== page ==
Charter Change and Federalism talks

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By Joel B. Belinan

“And for us in the Cordillera, the provision for an Autonomous Cordillera should remain. Never mind that we failed already twice in as many plebiscites but that dream should stay.“

Senators Robin Padilla and Raffy Tulfo are the most neophytes among our senators but they seem to have the guts or the political will to deal with issues that veterans are reluctant to tackle,
Senator Padilla who chairs the Senate Committee on Constitutional amendment supported by Sen. Tulfo has been holding a series of committee hearings relative to his proposed Charter Change to the shift from the present Centralized structure of government to a Federalized one. Of course, other than the two, other senators attended the hearings but only after these two neophytes made these possible.
I have been paying attention to these moves by Senator Padilla as he has been from the start of this congress vocal on his intent to immediately start the ball rolling relative to this always controversial issue. And as every vigilant Cordilleran is aware of, Charter Change will always be crucial to the existence and future of the Cordillera.
Will that provision of the present constitution providing for an Autonomous Cordillera be retained or will it ultimately erase all hopes for self-determination in this region?
This topic did not escape the attention of attendees of the Leaders Assembly last weekend of the “Ang Katipunan ng mga Samahang Maharlika.” (Ang KaSaMa) in Rodriguez, Rizal (formerly Montalban) of which I am the president. During that assembly, 80 percent of our discussions were anchored on this move by “a few good Senators”. I would like to volunteer the information here that our group, the Ang KaSaMa, since its start 22 years ago has been one among the very few lonely voices in the wilderness advocating for the amendment and improvement of the Constitution. Our group espouses the ideals of a decentralized structure of governance, ergo, we support a shift to Federalism.
All the leaders of the Ang KaSaMa fully support a shift from the present too centralized structure of government to a Federalized system. Our support is anchored on our ideological ideals, that a decentralized government would be more responsive to the needs of the people. The same cannot, however, be said of the form of government whether parliamentary (Unicameral Congress) or the present bi-cameral set-up (where we have the House of Representatives or Lower House and the Senate).
The arguments on the forms of government include: Our present set-up is too slow to address the issues and problems of the ever-changing times and we are the only country in South East Asia with this form of government. Furthermore, members of Parliament can be given an executive duty on top of their being legislatures. Hence if there are inadequacies in the implementation of laws and governance, they can only blame themselves instead of berating others during hearings in congress. That is why we had already been left behind in terms of development not to mention the fact that nationwide campaigning during elections under the present set-up entails big amounts of “campaign” funds which politicians will have to re-coup later when they are already in power. Remember that the president, vice president, and senators are elected by the entire country’s voters.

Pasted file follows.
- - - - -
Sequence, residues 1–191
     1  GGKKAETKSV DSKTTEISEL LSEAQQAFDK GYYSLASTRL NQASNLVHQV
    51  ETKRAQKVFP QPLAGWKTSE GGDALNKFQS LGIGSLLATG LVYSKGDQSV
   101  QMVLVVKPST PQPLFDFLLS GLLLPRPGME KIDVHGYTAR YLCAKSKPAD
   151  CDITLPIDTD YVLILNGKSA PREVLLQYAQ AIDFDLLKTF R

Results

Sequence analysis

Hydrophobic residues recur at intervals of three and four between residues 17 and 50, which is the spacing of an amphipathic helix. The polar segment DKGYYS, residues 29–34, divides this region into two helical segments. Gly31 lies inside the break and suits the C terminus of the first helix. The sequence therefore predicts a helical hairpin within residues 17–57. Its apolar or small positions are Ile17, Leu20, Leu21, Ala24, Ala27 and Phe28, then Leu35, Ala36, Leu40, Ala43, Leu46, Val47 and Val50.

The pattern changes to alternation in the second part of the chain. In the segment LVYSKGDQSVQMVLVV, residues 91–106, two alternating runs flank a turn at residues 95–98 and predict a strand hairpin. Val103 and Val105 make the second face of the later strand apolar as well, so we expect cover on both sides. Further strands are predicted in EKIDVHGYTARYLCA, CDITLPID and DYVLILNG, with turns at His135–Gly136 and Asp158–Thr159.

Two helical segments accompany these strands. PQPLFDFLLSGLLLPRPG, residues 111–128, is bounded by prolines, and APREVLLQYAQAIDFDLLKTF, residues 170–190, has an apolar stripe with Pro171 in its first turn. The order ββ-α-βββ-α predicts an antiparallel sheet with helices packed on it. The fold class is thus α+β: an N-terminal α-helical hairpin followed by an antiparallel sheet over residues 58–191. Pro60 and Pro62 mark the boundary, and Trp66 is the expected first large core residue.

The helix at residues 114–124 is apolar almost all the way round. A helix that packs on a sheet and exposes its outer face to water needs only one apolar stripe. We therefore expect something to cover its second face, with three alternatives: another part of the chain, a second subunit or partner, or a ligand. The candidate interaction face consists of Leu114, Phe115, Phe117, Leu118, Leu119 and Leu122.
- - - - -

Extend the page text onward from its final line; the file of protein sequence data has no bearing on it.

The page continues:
On the other hand, the main argument against the parliamentary form of government is it could easily become a stamp pad of the president or prime minister as the case may be.
Having a bi-cameral set-up of legislation provides checks and balances according to those who oppose the parliamentary form. In addition to the fact that under the present set-up defenders of the status-quo value the importance of having the president being directly elected by the people.
My take on these arguments is that an effort to fix loopholes in our present constitution should be a welcome move. We have all the things to gain as we are already down and there is no other direction but up by amending our present charter. The important thing here is for the people to get involved in this process and protect the good things that are already there.
For example, the National Patrimony provisions or those that protect our economy from being controlled by foreign interests should be retained if not strengthened.
And for us in the Cordillera, the provision for an Autonomous Cordillera should remain. Never mind that we failed already twice in as many plebiscites but that dream should stay.
Even in a Federal set-up, we in the Cordillera should be Autonomous. Why? Because becoming a part of the proposed Northern Luzon Federal State without being autonomous will return us to the situation before 1987 where the thinly populated Cordillera will again be relegated to being a second-class part of this country. Political leaders could then just ignore us due to our very small voting population. **


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